Honestly, he does talk some rot. How to be? “Well, I know how to be present in a situation. Even though you might be thinking: ‘Someone in a penthouse in an amazing hotel is not present’.” That was exactly what I was thinking, or sort of what I might have been thinking if I hadn’t been thinking what rot he was talking.
Oh who cares? It’s entertaining rot and he’s far too much of a down-to-earth New Zealander not to know it. I suppose he’s picked it up from hanging around with Americans. He talks about being on a “journey”, but almost everybody does now. And he did take it well and cackled when I said, rudely: “Are you on a bus?”
He said: “A gift is never about money; it’s always about thought.” After which was a long pause, for, I assumed, portentous effect. “That’s as deep as I get. Ha, ha.”
He is remarkably easy-going; all those years in the modelling industry will do that to you. He told a very funny story about getting changed for a Versace shoot and throwing pants back over the curtain of the changing room because they didn’t fit. All he could hear coming from the other side was: “Colin! You’ve got fat!” Behind the curtain he laughed so hard he had to stuff his fist in his mouth.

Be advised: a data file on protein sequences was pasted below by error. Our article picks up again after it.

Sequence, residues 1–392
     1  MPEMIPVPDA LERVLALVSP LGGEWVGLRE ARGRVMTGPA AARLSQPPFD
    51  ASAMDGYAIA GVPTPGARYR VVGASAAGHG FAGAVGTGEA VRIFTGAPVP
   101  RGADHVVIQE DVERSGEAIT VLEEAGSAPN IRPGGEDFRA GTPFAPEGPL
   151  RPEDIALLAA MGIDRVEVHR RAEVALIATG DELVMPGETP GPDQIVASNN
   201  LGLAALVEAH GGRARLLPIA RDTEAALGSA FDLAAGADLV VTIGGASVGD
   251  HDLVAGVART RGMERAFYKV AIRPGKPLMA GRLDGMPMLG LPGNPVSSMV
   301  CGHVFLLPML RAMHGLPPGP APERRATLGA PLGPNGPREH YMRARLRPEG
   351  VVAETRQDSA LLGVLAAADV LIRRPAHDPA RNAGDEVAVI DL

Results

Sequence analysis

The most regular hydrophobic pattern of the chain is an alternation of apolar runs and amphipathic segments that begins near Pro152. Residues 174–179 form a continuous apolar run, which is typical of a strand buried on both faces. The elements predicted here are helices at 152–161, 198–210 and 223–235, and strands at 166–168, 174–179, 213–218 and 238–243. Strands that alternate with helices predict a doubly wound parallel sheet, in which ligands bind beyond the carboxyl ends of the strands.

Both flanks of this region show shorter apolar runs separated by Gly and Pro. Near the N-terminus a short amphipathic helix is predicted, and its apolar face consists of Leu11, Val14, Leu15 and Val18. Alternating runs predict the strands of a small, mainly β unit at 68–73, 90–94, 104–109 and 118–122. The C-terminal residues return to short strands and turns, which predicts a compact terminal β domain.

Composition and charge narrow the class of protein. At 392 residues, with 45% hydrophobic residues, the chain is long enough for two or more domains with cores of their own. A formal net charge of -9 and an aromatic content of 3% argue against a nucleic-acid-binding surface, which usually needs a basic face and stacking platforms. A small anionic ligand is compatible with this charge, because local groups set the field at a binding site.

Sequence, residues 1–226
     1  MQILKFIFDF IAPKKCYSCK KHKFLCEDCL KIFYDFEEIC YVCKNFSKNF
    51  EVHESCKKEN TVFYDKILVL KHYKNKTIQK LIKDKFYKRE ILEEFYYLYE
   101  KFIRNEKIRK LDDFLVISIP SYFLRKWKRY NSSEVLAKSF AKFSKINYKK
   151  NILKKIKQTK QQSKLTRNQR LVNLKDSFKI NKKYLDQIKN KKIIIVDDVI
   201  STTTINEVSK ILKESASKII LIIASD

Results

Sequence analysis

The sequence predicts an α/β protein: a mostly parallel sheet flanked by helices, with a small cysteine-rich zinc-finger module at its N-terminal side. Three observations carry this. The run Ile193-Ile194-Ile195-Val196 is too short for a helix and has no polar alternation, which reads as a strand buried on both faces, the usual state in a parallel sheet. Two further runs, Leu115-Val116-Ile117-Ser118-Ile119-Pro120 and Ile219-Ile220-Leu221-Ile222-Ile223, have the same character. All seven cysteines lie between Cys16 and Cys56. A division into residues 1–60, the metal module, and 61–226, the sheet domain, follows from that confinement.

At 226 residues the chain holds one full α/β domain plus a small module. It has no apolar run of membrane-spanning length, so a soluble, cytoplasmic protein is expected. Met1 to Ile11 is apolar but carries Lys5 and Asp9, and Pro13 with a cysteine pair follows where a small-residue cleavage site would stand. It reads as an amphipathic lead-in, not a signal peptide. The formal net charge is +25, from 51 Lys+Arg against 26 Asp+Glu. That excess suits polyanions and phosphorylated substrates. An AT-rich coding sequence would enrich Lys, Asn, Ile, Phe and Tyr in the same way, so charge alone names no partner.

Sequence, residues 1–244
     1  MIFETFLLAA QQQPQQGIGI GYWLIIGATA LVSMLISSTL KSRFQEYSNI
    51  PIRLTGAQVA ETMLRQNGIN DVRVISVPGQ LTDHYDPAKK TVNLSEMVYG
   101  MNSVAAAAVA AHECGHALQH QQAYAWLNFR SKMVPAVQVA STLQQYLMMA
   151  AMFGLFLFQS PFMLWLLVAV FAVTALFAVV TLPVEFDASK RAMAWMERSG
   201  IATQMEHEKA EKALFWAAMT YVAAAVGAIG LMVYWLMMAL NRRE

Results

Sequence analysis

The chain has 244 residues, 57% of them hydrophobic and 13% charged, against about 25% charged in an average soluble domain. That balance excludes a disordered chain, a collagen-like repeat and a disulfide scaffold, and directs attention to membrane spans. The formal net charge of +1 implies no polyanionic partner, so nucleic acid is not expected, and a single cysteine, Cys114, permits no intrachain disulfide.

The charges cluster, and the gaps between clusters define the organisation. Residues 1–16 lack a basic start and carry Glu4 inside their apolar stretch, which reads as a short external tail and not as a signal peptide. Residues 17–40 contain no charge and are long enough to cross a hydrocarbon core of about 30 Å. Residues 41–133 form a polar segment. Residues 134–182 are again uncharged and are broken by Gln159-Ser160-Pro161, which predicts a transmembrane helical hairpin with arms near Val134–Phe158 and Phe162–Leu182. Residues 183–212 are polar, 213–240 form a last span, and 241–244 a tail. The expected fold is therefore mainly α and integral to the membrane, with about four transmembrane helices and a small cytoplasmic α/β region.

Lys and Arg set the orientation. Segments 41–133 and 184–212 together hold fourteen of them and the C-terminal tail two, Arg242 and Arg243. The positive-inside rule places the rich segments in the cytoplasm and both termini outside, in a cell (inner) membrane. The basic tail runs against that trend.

Modelling is ridiculous. People say: “Colin! Colin! Do a pose for us!” He got up and did a pose for us. He stood, poutily, forehead against the wall. “It’s a far tougher job than people assume, and also ridiculous. Who stands against a wall? That’s what I love about it: How ridiculous it is. It’s just so silly, it’s fun.”
We had a silly, fun gossip about celebrities. O drinks like a fish. He said, “I hear N is a hermaphrodite!” I told him about the celebrity who was three hours late for an interview. He was early. He said: “I tried to be late! I should be more fabulous.”
Imagine it! I’d like to interview him again in another 15 years. Surely he can only get more fabulous with age.
By Michele Hewitson